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Bizarre Magazine – Ginger Interview – July 2012

Bizarre magazine interview with Ginger
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Q & A with Ginger Wildheart

Last year you started a PledgeMusic campaign to raise money for a triple album, reached your target in six hours, and named the record 555% after donations quintupled. Why did you decide to do a fan-funded project?
When the Pledge thing stated, I was considering quitting music, because it just wasn’t really working. I didn’t like the idea of going cap-in-hand to a record label and saying, ‘Give me some money. Give me five grand.’ And then they say, ‘Oh well, you can’t have five grand, but you can have three grand’. And then you’re doing a budget album on favours. I just got tired of that. The whole direct-to-the-people idea really appealed to me because that’s what I’ve been trying to do, only with a bunch of middlemen. If the fans had turned around and said ‘No’, I’d have gone, ‘Fair enough, it’s just an idea, don’t kill me’. But they said ‘Yes’.

What made you want to do a triple album? You could’ve just done one!
I like a challenge. It’s probably why people decided to build churches, and then think, ‘Oh let’s put a load of fucking gargoyles on them and do stained-glass windows’.

What’s the weirdest lyric on it?
The one that’s popped into my head is: ‘I took a good long shit a little earlier today / It smelled like chocolate, I didn’t want to flush it away‘, on ‘Beautifully, Blissfully Unsettled’. I was on ecstasy in New York and I went to the toilet and had a poo, and it actually smelled like chocolate, and I didn’t want it to go. I just wanted to invite everyone in and go, ‘Check this out, everyone!’ I flushed it away. But I didn’t want to. I missed it. So I thought, ‘You know what, I’ll write about you! I’ll put you in a song one day!’ And I did.

Are there any unusual instruments on the record?
I record anything. We did record a fart, but it’s distorted to the point where it doesn’t sound like one any more. We’ve also got a great section in ‘Taste Aversion‘ where there’s a scream and a really long burp, which is a grindcore, ‘Aaaaaaahhhhh’. We couldn’t get a low-enough sound without recording something and messing with it. We did it because I’m really into this band called SpermSwamp, whose vocalist sounds like a pig. They’re fucking fantastic.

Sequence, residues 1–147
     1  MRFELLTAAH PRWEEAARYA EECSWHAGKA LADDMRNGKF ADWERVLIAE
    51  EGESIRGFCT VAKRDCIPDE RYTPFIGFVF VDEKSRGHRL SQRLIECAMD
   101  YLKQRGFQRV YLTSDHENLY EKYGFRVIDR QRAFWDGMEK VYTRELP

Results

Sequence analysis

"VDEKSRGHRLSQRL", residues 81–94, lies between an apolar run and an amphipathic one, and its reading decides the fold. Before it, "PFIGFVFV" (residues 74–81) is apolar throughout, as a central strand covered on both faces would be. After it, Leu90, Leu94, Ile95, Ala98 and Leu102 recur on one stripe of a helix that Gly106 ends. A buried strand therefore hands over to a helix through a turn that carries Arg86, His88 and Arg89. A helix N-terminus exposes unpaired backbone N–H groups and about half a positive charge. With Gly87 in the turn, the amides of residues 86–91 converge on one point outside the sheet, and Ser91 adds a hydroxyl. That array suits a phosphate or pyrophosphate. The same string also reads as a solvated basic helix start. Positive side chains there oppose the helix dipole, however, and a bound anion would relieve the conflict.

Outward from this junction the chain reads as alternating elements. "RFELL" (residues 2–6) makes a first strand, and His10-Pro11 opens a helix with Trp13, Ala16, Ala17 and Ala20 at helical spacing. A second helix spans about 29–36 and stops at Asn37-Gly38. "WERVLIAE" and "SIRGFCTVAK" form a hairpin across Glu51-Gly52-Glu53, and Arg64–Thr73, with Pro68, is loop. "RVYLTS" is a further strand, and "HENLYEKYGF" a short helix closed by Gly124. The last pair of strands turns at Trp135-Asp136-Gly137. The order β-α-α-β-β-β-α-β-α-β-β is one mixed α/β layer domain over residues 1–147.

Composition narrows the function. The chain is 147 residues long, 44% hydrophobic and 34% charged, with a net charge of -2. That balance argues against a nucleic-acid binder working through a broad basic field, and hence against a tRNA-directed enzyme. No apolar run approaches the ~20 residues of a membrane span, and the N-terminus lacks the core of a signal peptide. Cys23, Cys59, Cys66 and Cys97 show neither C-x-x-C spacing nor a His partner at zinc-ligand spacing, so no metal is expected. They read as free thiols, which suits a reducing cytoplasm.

You’ve answered 25,000 fan questions about the album on Formspring! What’s your favourite?
A guy came on and said: ‘My mate’s in hospital, could you wish him all the best?’ I was like, ‘Of course, tell him to get well soon, and I hope I can meet him at a show’. And then for days afterwards, other people were sending in their well-wishes, to the point where people were going, ‘Who the fuck is this guy? Why does everyone know and I don’t?’ And I was like, ‘That’s the beauty of it. No-one knows who he is. He’s just one of us, because we’ve brought him in’ It’s amazing that a community can work medicinally.

Have you received any gifts from your community?
I get some fucking weird stuff. At one point I had a PO Box so people could send me demos of their bands. Someone sent me so many large packages that they blocked up the FedEx office, and they said ‘Well, we’ve got to come and drop them off at your house’. This truck turned up with boxes, the smallest of which would’ve fit a fucking piano in. I sent them back without looking in them, because if they’d been body parts, and I’d signed for them, I’d be doing time now! To this day, I often wonder what was in them.

What else are you up to this year?
I’m writing a horror film review book and recording two more albums. The first is fucking noisy pop, and the second is crazy, brutal metal… it’s going to be the polar-opposite to this triple album!

Bizarre Magazine – 100% Review

Bizarre magazine review of 100%

1990s alt.rock icon Ginger delivers a truly eclectic collection of tracks on 100%, all chosen by fans who funded his 555% triple album project on PledgeMusic.

The Wildhearts frontman shows that he hasn’t forgotten how to write a great hook, but surprises with a cross-section of reggae, world music and metal. Under all the noise, the songs deal with remarkably adult themes, making it a pop-punk release for adults.